An objectionable result of the choice by general vote of minor officers only, with insignificant powers, is the small-bore politician developed by small-bore elections. In the states the politician may hope to rise, step by step, to the governorship of a wealthy, populous and powerful community, to a seat in the national legislature, or to the presidency. In Washington he must confine himself to petty affairs and limit himself by petty ambitions; and, naturally, few able and upright men would be tempted by the prospect.
The commission government, which a sham representative system would displace, has the advantage of bringing the United States and the national capital into those close relations which were anticipated in the plans of our forefathers. The members of the commission are appointed by the President, to whom they report, and the nominations of two of them are approved by the Senate. The Treasurer of the United States is treasurer of the District. Congress alone is responsible for all general legislation. The true relations of Washington to the general government are thus suggested at every turn. If the city were permitted to elect local officers and pass local laws it would remove itself to that extent from national consideration, members of Congress would be permitted fewer opportunities of learning their full responsibilities in respect to the nation’s ward, while the privilege gained would have no compensating advantage.
It is true that commission governments are not unobjectionable, but it is believed that the most serious of their evils may be avoided more readily than those of the alternative system. Among the possible dangers of such a government for Washington are two that are prominent: First, that the executive may appoint as commissioners, not bona fide citizens of the District, interested in its welfare alone, but his own favorites, on the score of personal friendship, or as a reward for political services. Secondly, that such commissioners, when appointed, will use the minor positions under their control as similar political rewards to aid the party or the political "boss" in whose interests they have been given office. If the city’s government is ever debased into a mere political machine, a death blow will be given to the interests of the District. The capital is the ward, not of a party, but of a nation; it requires the friendly legislation of both parties; and to obtain such legislation its government must be non-partisan. The affairs of Washington are in certain respects confided to the President and commissioners appointed by him as trustees. If President or commissioner takes advantage of this position to benefit himself, or a clique, or a political party, and is not influenced solely by a consideration of the interests confided to his protection a sacred trust is betrayed.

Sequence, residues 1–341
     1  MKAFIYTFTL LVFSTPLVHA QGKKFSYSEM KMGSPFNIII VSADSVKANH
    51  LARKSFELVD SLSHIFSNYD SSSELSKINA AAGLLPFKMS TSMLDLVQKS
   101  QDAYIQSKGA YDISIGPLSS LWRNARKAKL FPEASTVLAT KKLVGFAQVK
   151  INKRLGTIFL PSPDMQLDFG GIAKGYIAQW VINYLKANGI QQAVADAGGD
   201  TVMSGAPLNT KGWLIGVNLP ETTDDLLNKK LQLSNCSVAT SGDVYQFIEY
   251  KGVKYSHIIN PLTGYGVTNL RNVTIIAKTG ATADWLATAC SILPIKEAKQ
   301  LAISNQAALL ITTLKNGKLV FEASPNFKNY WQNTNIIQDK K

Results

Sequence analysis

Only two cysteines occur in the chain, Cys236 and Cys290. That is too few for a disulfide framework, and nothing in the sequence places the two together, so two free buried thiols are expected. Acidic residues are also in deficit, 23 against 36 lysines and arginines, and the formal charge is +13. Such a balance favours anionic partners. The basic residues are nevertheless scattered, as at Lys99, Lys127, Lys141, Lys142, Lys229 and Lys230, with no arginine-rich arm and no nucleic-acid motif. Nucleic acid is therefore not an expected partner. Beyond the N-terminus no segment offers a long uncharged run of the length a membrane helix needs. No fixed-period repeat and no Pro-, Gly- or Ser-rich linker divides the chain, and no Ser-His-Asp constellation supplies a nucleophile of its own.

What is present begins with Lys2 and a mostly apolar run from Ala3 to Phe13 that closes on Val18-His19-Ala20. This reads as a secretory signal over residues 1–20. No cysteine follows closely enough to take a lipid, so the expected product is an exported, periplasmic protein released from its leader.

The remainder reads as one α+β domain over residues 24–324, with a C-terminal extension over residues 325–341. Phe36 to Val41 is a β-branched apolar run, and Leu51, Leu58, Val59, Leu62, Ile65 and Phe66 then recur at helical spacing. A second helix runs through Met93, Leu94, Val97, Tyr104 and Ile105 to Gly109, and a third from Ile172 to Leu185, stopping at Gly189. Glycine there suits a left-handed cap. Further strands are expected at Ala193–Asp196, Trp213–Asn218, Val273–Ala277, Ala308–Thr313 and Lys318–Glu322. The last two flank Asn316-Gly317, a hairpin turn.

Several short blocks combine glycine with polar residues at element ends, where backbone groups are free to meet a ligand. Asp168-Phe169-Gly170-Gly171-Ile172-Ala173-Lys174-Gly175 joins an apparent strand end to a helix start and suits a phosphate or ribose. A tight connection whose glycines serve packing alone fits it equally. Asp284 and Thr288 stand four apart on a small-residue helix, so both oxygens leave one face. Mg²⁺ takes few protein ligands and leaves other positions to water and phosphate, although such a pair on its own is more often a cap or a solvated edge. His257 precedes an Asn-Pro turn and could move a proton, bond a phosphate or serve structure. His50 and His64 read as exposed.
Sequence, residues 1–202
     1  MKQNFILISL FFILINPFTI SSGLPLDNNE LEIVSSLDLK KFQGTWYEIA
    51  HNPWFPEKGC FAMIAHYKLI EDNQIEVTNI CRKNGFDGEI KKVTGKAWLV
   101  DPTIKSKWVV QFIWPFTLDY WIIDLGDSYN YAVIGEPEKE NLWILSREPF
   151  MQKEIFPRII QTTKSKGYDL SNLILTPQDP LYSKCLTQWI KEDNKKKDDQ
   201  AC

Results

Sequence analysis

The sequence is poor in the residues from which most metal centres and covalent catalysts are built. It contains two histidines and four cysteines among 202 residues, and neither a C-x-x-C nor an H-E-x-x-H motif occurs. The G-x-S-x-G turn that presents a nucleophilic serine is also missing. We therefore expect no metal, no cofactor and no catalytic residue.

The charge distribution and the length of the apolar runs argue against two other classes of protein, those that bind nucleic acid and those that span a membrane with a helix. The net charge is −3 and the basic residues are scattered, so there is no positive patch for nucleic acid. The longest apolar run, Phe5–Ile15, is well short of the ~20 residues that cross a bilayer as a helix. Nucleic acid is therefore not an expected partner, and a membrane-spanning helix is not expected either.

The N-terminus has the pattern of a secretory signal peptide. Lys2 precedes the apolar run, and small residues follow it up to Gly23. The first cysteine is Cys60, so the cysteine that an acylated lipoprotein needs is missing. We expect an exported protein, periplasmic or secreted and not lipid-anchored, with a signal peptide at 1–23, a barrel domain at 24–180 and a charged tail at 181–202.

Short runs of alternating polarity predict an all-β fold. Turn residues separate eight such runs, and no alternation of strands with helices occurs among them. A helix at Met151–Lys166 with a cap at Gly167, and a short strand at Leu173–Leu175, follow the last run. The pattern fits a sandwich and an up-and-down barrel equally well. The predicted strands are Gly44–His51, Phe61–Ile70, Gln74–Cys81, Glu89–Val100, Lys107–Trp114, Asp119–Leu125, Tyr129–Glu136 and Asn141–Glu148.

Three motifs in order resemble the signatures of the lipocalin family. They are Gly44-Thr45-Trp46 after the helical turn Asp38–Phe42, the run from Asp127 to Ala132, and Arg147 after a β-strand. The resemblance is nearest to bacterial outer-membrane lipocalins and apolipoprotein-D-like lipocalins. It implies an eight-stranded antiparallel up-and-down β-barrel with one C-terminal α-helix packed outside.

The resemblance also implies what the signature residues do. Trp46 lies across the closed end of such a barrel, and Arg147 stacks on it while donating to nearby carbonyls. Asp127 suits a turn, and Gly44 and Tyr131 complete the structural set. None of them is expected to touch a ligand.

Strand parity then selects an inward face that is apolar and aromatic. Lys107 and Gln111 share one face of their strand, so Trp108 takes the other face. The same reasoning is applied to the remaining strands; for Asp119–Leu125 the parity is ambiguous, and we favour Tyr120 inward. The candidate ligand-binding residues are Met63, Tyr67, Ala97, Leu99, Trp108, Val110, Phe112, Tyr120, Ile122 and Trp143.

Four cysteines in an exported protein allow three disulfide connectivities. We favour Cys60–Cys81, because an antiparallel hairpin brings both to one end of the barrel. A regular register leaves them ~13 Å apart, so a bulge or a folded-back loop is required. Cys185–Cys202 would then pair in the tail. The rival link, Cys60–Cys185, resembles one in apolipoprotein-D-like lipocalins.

Thirdly, Congress may propose an amendment to the Constitution
The arguments, already recited, which led to the establishment of an exclusively national district must also be weighed when it is attempted to reverse the decision then made.
The sentiment which identifies the fate of the Union with that of the capital should not be disregarded. Washington has planted the roots of its existence and prosperity in the spirit of American nationality. It has flourished in proportion as this spirit has been strong. The grand designs respecting it were neglected by those, not its enemies, who resented the substantial embodiment of a power superior to that of the state. It again revived when civil war developed the patriotic national sentiment, and Americans learned that the Union is a substantial something to love, to live for, and to die for. The bloodshed of the Revolution gave birth to the spirit of nationality and created the city; the bloodshed of the civil war revived the spirit and regenerated the city. The imagination may conceive that the soul of the Union is enshrined in this exclusive territory, and that if ever its peculiar existence shall be extinguished the event will be a forerunner of the dissolution of the Union.
Fourthly, retaining exclusive jurisdiction, Congress may propose
A minor discrimination against inhabitants of the capital which needs to be thus remedied is that which denies them the right of bringing suits in the federal courts in those cases where the privilege is given to the citizens of a state, and which puts them before the national judiciary in a less favorable attitude than that of aliens. (Hepburn vs. Ellzey, 2 Cranch., 445.)